The first time I ever had to change a tire was when I was 17 years old. It was about midnight, and my friend and I had just left a poker game separately and were driving away when I suddenly saw him pull over and get out of his car. I circled back around, and we proceeded to spend the next two hours trying to change his tire.
It took that long for two reasons: our inexperience with changing a tire, for one, and second, the lug nuts were so rusted that they could hardly be spun. But after calling and waking up both of our sets of parents for advice, we got the flat tire off and the spare on.
Unfortunately, it would be many, many years before I really learned how to take off a tire quickly and effectively. This may seem somewhat emasculating to say, but it’s taken a lot of trial and error for me to truly learn and commit to memory the steps necessary to change a tire.
Learn from my mistakes: follow the following main steps for how to change a tire, or save this quick guide as a cheat sheet for later by clicking the image below.
- Make sure you’re in a safe place
- Loosen lug nuts with the tire on the ground
- Set the parking brake
- Find a solid spot for the jack
- Take the flat tire off and put the new tire on
- Tighten lug nuts in a star pattern
- Finishing touches
This piece of advice can be taken in a multitude of ways. Whether you’re in an unsafe area at night or on the shoulder of a busy freeway, you need to be very careful when changing your tire. Many people are hesitant to spend money on a tow truck or AAA-type service, but it’s a good idea to consider this option if you’re in an unsafe position.
Twice when leaving the house of my girlfriend (who is now my wife), I hit a bad pothole getting onto the bypass, and was stuck in a spot where fast cars were driving by, causing my vehicle to shake. Neither time did I feel comfortable getting out of my vehicle, so I called a local towing service and got my car moved to a safer position off of the road. It wasn’t ideal, but I’m still here today.
Whatever you decide to do, make sure your hazard lights are always on.
This is an important step. Take your wrench out and loosen the lug nuts on your flat tire before you take it off the ground with a jack. It’s much, much harder to unscrew the lug nuts if the tire is suspended in the air. You’ll end up spinning the whole tire and not the lug nut — no matter how hard you try.
I can’t tell you how many times I’ve jacked up the car (I’ve had a lot of flats), only to realize I needed to lower it because all the lug nuts were on too tight. Save yourself some time and energy and loosen the lug nuts on the ground, and then finish taking them off once your vehicle is on the jack.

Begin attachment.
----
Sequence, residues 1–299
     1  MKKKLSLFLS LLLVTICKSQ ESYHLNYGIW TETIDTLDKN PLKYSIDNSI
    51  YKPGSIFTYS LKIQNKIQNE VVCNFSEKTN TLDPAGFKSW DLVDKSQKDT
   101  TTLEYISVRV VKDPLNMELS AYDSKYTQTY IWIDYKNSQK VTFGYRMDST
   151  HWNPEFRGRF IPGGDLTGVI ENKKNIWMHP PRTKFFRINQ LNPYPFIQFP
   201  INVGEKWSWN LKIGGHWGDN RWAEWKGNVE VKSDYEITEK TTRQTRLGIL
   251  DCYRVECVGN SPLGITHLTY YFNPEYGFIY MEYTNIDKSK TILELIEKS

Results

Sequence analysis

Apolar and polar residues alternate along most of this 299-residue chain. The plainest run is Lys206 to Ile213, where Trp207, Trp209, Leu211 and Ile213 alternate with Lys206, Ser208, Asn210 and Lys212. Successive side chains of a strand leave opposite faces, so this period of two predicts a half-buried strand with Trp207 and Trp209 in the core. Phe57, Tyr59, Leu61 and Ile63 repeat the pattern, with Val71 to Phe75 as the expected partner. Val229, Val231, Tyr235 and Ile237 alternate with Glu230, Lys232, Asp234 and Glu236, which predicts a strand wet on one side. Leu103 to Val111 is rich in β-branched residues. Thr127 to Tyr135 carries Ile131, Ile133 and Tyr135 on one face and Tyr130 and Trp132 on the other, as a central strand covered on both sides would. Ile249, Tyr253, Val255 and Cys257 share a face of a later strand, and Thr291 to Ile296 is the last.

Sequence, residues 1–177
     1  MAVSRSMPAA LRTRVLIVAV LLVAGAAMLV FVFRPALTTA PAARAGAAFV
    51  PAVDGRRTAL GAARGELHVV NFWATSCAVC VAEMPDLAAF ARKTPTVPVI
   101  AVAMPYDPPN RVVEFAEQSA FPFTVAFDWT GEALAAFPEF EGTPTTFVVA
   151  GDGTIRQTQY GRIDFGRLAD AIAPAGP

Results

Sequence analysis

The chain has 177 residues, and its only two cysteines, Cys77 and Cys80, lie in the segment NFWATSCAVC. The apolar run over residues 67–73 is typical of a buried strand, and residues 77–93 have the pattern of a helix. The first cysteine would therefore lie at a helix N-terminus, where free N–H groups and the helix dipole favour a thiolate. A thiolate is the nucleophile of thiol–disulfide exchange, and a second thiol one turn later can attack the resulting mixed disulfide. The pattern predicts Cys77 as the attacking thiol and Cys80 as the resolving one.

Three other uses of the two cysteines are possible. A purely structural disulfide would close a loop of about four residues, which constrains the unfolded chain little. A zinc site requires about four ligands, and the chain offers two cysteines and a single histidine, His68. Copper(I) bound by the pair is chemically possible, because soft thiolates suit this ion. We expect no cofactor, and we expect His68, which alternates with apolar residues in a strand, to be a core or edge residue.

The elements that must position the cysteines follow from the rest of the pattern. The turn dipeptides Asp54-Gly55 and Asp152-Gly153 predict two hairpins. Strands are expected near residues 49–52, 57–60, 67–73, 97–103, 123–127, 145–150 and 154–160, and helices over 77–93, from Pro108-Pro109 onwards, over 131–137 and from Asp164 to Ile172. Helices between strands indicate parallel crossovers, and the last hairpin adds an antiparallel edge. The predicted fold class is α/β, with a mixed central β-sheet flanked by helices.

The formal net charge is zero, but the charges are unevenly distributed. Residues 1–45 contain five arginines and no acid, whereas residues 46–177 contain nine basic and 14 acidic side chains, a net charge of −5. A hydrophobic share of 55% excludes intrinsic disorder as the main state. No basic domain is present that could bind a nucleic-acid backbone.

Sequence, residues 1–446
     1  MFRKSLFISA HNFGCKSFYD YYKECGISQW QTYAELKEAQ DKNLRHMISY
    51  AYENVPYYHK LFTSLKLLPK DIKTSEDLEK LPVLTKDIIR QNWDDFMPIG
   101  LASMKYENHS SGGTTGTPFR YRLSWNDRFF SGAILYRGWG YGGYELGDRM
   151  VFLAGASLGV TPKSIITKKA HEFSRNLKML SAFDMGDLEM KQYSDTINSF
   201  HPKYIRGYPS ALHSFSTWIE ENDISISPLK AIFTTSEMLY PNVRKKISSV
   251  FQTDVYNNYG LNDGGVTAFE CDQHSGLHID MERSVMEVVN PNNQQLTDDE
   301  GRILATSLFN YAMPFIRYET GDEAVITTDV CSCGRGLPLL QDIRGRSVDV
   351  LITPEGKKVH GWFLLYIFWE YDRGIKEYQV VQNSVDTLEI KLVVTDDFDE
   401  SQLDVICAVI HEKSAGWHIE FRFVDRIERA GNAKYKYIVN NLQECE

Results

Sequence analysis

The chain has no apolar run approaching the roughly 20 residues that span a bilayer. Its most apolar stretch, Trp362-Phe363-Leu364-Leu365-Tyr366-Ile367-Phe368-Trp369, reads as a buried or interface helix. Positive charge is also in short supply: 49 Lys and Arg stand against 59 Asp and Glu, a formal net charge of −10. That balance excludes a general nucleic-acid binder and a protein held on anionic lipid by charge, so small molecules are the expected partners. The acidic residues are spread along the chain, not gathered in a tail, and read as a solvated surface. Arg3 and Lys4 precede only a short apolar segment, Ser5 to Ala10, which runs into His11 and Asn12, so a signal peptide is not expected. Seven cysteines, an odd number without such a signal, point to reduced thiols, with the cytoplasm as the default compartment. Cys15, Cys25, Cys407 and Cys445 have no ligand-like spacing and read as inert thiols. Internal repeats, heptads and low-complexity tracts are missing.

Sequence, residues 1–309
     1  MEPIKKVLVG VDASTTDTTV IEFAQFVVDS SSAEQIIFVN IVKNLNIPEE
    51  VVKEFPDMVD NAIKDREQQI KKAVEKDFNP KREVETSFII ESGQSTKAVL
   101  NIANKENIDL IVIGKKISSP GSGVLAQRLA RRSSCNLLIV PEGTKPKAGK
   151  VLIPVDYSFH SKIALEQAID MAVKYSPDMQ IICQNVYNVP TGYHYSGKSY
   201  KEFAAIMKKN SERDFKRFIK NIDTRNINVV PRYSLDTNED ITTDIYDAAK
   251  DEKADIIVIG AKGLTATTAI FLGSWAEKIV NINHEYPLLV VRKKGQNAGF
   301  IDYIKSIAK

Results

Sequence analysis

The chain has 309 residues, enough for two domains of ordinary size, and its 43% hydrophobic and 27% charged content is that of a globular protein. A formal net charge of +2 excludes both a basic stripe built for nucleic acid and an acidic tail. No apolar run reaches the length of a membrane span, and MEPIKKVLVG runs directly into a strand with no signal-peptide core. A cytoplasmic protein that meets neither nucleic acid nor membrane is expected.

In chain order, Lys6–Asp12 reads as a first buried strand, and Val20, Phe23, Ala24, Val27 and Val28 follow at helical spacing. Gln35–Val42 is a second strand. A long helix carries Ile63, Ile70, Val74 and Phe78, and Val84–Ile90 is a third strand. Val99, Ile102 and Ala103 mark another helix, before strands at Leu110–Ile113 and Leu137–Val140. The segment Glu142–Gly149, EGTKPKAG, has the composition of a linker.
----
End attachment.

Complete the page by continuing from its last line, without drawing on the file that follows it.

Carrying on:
Make sure you put the nuts down in a safe place where they won’t roll away or become lost. You’re going to need them to get the new tire on.
Once my wife and I were returning from California to the Midwest. When our flight landed, we rushed to our car so we could get out of the parking garage quickly and on the road home. But when we got to our car, our front tire was completely flat.
We happened to be parked on an incline, and as I frantically began to pull the jack out of the trunk and place it under the car, I forgot to set the parking brake. I successfully jacked the car up and took the tire off, but when I went to grab the spare, the car fell off the jack and fell to the ground with only three tires. I’m lucky nothing was damaged and no one was hurt.
Parking brake = small but essential step.
Some newer vehicles have a designated spot to place your jack, but if your car doesn’t have that feature, just make sure you choose the most solid and sturdy place you can find. Otherwise, you run the risk of cracking or damaging part of the underbelly of your car. Once the jack is in place, you can crank it up.
Once you have successfully raised your vehicle and finished unscrewing your lug nuts (which hopefully you have stored in a safe place), it’s time to pull the tire off. Do so gently. Using too much force to get the tire off risks knocking the car off the jack.
Finally, you can put on the new tire. Put the lug nuts on by hand and use the jack to lower the tire to the ground slowly, but not so that the full weight of the vehicle is on the tire.
To make sure the new tire is securely on the vehicle, use the wrench to tighten them. It’s important to do so in a star-like pattern. That means starting with one lug nut, and then moving to the one across or diagonal from it. This will ensure that the tire tightens on the axle evenly.
Once you’re done, finish lowering the vehicle, remove the jack and check each lug nut with your wrench to make sure it’s tight and secure.
Lastly, you’ll want to check the tire pressure in your spare, throw the flat tire in the trunk, and take it to get serviced as quickly as possible. Most spare tires are donuts — smaller, temporary tires that save space in storage — and can only be driven for around 70 miles (maybe less depending on your spare) at no faster than 50 miles per hour.
Because your spare is likely a temporary tire and not a replacement, it’s important to avoid treating it as if it will last forever. Otherwise, it won’t take long before you have a flat tire again, only this time, you won’t have another spare to put on.
If you’re dealing with a flat tire right now, I hope this quick guide was useful in solving your problem. But chances are you’ll need this information sometime in the future. Fill out the form below to download this article as a saveable and printable cheat sheet, to have when you need it most.